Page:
‘Good Vibrations’ Raises Curtain on the 12th Belfast Film Festival

Stars from the local and international entertainment industry will flock to the Ulster Hall tonight for the highly-anticipated World Premiere of Good Vibrations – the opening premiere of this year’s Belfast Film Festival. The film’s cast and crew will be joined by special guests such as Snow Patrol for a Gala red carpet evening.


Good Vibrations is the locally filmed biopic of record shop owner and godfather of Northern Ireland’s 70s punk music scene Terri Hooley. The film boasts an ensemble cast of local actors including Richard Dormer as Terri Hooley, Michael Colgan and Adrian Dunbar.


The film’s creative team also hails locally with husband and wife directors, Lisa Barros D’Sa and Glenn Leyburn; scriptwriters Glenn Patterson and Colin Carberry and David Holmes who worked on the music selection and score. The film was largely shot in the shops and alley ways of North Street, Belfast, where the Good Vibrations Record Store was established.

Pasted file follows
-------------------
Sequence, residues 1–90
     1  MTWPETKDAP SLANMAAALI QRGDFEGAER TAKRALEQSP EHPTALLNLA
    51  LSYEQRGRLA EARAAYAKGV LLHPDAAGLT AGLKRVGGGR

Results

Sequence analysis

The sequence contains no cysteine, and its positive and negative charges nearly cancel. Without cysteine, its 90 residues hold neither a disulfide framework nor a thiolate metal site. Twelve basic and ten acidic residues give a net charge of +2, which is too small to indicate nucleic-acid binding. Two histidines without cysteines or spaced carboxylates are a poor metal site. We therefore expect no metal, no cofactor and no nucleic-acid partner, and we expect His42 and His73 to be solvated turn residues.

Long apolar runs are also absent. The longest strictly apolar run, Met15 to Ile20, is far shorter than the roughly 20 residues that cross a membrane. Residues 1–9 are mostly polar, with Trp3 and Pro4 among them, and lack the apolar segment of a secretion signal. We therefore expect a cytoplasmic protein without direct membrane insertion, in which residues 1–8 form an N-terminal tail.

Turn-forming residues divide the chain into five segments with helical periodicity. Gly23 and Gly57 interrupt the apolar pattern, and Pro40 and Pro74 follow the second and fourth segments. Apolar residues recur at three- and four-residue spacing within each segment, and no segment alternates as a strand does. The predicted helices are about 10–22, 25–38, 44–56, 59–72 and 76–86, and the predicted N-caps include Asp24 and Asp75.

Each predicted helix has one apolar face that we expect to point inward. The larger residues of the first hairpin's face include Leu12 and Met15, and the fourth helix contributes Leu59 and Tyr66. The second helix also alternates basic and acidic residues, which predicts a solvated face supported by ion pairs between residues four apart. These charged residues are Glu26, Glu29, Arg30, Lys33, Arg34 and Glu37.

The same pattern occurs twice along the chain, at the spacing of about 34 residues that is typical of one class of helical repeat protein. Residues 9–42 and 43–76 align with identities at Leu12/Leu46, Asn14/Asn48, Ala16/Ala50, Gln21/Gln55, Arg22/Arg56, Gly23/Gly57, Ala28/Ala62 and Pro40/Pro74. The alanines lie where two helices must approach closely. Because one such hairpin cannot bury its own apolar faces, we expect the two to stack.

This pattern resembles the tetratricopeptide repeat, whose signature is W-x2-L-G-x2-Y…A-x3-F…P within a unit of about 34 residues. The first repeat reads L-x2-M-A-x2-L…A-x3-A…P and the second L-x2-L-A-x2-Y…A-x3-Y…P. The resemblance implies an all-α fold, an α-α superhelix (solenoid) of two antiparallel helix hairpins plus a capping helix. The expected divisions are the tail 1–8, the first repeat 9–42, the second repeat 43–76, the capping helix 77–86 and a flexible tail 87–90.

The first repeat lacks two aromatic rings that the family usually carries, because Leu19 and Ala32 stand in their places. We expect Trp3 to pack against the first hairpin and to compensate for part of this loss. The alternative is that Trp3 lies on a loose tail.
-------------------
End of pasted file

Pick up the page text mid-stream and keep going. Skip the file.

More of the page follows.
Tickets for the World Premiere have been in such high demand that Belfast Film Festival has arranged an additional screening tonight at the Ulster Hall along with another at the Movie House, Belfast.


Commenting on the Gala Event and the opening screening of the Belfast Film Festival, Michele Devlin, Belfast Film Festival Director said –


“We are absolutely thrilled to be showcasing this landmark premiere on our opening night. Securing Good Vibrations is a real coup for the Belfast Film Festival and shows just how far the city has come. The global interest in this World Premiere is a real indication of the high profile Belfast Film Festival now enjoys and the film’s production demonstrates the world-class level of Northern Ireland’s Film Industry.”


The Belfast Film Festival is funded by Northern Ireland Screen supported by DCAL and by Belfast City Council. To view the full Festival Programme and to book tickets for the screenings and events visit www.belfastfilmfestival.org